Beginning in 1962, year of the 125th anniversary of the 1837 rebellions, the public gathering in Saint-Denis-sur-Richelieu to mark the uprisings became an annual event.[4] 20 years later, on 6 October 1982, the Journée des patriotes was declared by the Quebec Governor-in-Council as occurring each year on the Sunday closest to 23 November.[6] The desire to see the Journée des patriotes gain a more official character incited some citizens to campaign for the celebration to be declared a statutory holiday, either as a new holiday or in replacement of an existing one. In 1987, the Club Souverain de l'Estrie started the movement "For a paid holiday in memory of the Patriots,"[7][8] while other organizations, such as the Saint-Jean-Baptiste Society of Montreal and the Comité du 15 février 1839 (founded by Pierre Falardeau in 1997 to help the financing of the movie 15 février 1839), later joined in the campaign.

During the provincial congress of the Parti Québécois (May 5—7 2000), party members adopted a resolution inviting the government to "decree a paid holiday in memory of the Patriots of 1837–1838 in replacement of an existing holiday."[9]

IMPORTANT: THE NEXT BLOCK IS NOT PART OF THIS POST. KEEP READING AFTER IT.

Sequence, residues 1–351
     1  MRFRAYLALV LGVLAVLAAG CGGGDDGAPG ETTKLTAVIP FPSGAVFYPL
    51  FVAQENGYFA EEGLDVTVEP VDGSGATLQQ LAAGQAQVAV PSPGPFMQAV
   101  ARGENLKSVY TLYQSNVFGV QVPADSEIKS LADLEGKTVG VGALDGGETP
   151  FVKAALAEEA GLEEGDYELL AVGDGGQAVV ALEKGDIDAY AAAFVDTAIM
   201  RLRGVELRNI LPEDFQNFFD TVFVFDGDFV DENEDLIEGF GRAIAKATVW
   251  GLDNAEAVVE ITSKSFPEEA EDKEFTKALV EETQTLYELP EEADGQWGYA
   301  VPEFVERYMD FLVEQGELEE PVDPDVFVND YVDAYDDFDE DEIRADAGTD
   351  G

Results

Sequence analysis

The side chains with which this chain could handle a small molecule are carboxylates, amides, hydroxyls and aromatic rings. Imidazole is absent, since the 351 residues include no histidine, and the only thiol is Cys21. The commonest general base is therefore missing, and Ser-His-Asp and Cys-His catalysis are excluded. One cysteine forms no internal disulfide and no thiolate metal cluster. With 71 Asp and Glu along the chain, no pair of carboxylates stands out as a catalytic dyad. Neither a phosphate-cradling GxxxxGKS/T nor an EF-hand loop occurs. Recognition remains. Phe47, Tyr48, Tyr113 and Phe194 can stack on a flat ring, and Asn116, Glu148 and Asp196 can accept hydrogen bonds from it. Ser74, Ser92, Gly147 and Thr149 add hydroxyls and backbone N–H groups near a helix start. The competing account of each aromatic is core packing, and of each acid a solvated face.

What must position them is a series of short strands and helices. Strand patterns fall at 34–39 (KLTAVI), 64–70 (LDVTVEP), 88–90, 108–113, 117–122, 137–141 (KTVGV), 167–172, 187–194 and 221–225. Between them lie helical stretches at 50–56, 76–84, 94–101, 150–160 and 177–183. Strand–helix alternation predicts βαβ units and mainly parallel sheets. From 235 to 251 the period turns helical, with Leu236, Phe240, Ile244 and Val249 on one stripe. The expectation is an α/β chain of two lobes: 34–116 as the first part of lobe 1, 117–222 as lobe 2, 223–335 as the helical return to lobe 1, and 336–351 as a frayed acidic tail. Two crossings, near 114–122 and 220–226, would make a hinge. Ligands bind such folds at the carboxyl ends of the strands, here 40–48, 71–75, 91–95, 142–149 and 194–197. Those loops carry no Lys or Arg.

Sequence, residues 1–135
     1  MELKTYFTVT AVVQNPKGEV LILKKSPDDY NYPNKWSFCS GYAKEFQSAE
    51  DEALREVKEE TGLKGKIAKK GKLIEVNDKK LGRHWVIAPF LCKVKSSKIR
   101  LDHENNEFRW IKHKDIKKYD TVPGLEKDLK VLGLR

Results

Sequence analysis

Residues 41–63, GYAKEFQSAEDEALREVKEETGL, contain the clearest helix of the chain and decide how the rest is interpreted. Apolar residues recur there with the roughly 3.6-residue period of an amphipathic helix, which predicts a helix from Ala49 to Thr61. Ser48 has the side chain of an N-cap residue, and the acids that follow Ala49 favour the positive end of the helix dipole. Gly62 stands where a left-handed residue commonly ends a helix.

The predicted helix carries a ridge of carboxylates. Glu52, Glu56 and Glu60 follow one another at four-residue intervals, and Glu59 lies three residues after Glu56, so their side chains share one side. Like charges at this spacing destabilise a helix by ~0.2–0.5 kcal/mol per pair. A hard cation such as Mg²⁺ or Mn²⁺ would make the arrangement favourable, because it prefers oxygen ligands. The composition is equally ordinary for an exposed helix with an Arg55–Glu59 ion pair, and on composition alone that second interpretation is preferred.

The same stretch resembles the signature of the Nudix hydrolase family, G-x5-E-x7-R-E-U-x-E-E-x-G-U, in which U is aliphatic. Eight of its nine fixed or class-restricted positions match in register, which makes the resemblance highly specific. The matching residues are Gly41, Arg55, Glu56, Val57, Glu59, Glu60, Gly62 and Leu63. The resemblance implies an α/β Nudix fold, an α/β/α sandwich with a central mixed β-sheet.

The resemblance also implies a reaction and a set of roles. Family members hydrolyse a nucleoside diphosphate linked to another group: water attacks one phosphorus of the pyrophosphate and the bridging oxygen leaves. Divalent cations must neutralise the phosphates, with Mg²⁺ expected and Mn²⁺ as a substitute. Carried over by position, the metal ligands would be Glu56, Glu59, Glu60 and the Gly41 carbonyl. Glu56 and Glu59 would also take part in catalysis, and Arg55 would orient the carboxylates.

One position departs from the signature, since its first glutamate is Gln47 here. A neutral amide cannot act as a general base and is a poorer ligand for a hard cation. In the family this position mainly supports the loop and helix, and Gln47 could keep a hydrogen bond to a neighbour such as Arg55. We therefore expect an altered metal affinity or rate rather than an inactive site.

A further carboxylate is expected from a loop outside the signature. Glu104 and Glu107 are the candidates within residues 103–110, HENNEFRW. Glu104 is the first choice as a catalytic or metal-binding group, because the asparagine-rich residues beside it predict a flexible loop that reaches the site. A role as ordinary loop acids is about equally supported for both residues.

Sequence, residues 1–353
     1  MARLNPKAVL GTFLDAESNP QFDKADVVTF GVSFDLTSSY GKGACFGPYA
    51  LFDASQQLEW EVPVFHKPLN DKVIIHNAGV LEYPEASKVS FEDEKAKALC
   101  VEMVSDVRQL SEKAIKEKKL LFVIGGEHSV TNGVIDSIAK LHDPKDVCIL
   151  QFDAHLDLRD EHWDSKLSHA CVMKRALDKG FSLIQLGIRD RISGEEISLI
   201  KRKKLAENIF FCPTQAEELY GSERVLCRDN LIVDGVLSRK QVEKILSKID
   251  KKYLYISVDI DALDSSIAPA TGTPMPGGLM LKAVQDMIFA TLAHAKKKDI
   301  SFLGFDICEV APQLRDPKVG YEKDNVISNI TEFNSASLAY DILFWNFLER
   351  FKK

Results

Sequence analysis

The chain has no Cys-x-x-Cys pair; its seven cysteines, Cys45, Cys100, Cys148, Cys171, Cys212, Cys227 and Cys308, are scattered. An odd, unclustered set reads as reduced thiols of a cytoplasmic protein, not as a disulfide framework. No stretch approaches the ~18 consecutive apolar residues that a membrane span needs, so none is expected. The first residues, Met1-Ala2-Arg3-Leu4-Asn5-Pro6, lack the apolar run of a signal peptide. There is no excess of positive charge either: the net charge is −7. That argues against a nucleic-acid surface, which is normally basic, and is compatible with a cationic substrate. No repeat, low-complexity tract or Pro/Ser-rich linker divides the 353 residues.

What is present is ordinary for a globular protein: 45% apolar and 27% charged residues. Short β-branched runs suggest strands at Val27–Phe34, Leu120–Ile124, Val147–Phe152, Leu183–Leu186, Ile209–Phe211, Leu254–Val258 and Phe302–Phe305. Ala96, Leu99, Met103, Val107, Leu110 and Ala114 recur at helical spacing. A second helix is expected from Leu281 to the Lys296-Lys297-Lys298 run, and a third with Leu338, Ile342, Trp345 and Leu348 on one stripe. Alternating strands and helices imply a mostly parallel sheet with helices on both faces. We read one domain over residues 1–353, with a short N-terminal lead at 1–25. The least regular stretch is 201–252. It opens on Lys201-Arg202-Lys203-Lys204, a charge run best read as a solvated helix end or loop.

On 21 November 2001, Bernard Landry proposed a motion in the National Assembly of Quebec inviting that body to "underline the importance of the struggle of the Patriots of 1837–1838." An Order in Council was then issued on 20 November the following year, establishing the Journée des patriotes– thenceforth known as National Patriots' Day– as the Monday preceding 25 May, thereby replacing the Fête de Dollard; the moving from November to May was motivated by the will to highlight the starting point of the numerous public meetings organized by citizens throughout Lower Canada from May to November 1837 in reaction to the passing of British Home Secretary Lord John Russell's Ten Resolutions by the House of Commons[7][10]

The first official celebration of National Patriots' Day took place on 19 May 2003.

See also[edit]

References[edit]